1) West Papuan People’s Assembly secretary detained over corruption
The Jakarta Post, Jakarta | Archipelago | Tue, March 18 2014, 6:37 PM
The Papuan provincial prosecutor's office detained the West Papuan People’s Assembly (MRPB) secretary, Soleman Sikrit, and his colleague, Zainal Abidin, on Monday for their alleged role in corruption related to the construction of the MRPB building at a cost of Rp 3 billion (US$264,713).
Soleman and Zainal were sent to Abepura Penitentiary in Jayapura, Papua, after being interrogated. “They were detained after we found enough evidence indicating their involvement in the case,” Papuan prosecutor's office spokesman, Obeth Ansanay, said on Monday night.
Obeth explained that his office found fictitious reports on the construction of the MPRB building. He said that in 2012 Soleman, in his capacity as West Papua Political Development Agency chief, allocated Rp 6 billion for the construction of the MRPB building. Then as MPRB secretary in 2013 he earmarked another Rp 3 billion for the project.
“In reality, however, only a garage was built worth around Rp 160 million from the allocated funds. The building was financed entirely with funds from the 2012 budget,” said Obeth as quoted by kompas.com.
If convicted, Soleman and Zainal each face a maximum sentence of 15 years in prison.
Obeth further said it was possible there would be other suspects in the case. (taw)
The head of the Perth-based Indonesia Institute says the announcement by Joko Widodo to nominate as a candidate for Indonesia's presidential race is a boon for Australia.
The governor of Jakarta, affectionately known as Jokowi, has been endorsed by his party's leader and former president Megawati Sukarnoputri, and is widely tipped to win the election in July when Susilo Bambang Yudhoyono steps down.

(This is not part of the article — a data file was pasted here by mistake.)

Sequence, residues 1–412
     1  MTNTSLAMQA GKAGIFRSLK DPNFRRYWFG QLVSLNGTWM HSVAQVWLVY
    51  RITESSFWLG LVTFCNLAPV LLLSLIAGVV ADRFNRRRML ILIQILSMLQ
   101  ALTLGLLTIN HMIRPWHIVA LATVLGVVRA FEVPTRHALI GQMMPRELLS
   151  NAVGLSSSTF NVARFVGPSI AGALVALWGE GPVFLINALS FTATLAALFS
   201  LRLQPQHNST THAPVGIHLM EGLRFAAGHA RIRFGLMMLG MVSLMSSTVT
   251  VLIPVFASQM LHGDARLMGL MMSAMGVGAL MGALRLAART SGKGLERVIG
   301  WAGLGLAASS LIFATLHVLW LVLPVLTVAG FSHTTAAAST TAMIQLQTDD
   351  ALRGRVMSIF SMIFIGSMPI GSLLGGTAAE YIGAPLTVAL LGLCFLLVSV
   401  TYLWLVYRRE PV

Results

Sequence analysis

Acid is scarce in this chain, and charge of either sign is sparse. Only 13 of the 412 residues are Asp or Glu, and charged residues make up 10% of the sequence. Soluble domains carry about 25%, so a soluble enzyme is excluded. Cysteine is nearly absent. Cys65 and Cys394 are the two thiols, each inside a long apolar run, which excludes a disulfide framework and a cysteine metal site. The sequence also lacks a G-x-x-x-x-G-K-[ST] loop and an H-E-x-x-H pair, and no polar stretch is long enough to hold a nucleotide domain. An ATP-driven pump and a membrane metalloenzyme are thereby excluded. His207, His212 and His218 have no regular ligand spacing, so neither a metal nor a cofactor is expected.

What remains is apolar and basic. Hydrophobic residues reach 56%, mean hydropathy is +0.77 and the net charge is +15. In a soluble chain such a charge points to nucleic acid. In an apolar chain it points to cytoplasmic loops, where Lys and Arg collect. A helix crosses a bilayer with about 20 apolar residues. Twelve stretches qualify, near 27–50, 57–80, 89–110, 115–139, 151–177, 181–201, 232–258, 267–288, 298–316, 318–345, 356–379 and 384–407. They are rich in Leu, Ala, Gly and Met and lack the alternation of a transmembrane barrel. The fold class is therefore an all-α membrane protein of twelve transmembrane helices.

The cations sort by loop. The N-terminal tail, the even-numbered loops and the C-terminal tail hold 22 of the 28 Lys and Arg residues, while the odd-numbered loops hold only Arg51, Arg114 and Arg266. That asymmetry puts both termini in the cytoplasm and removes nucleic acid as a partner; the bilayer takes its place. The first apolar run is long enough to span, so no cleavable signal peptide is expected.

In Indonesia, presidents serve for a maximum of two terms, similar to the United States.
Indonesia Institute president and founder Ross Taylor expects Jokowi to be elected in a landslide and anticipates he will help repair the relationship between Australia and Indonesia.
"Currently in Australia, we have a situation where the Indonesian ambassador is in his thirteenth week back in Jakarta, after being recalled over the spying and boat-people issue," he said.
"Quite frankly, there is no sign of a thawing in those relations.
"The election of a new president, which would hopefully be Jokowi, could represent a new start for bilateral relations between Indonesia and Australia.
"This will probably provide a circuit breaker for the diplomatic stand-off."
Mr Taylor concedes that Mr Yudhoyono has a better understanding of Australia than Jokowi.
Mr Yudhoyono visited Australia several times during his presidency and his son is an economics graduate of Curtin University in Western Australia.
Jokowi's international knowledge is limited, but Mr Taylor says his pragmatism is expected to help foster a better relationship with Australia.
"Jokowi's considered, balanced and focused approach to what will be an enormous challenge, will provide the best chance for relations between Australia and Indonesia to be stabilised and rebuilt early in his presidency," Mr Taylor said.
"There is enormous opportunity for Australia and Indonesia to partner with each other in so many areas.
"We are culturally different, but we also have many things in common."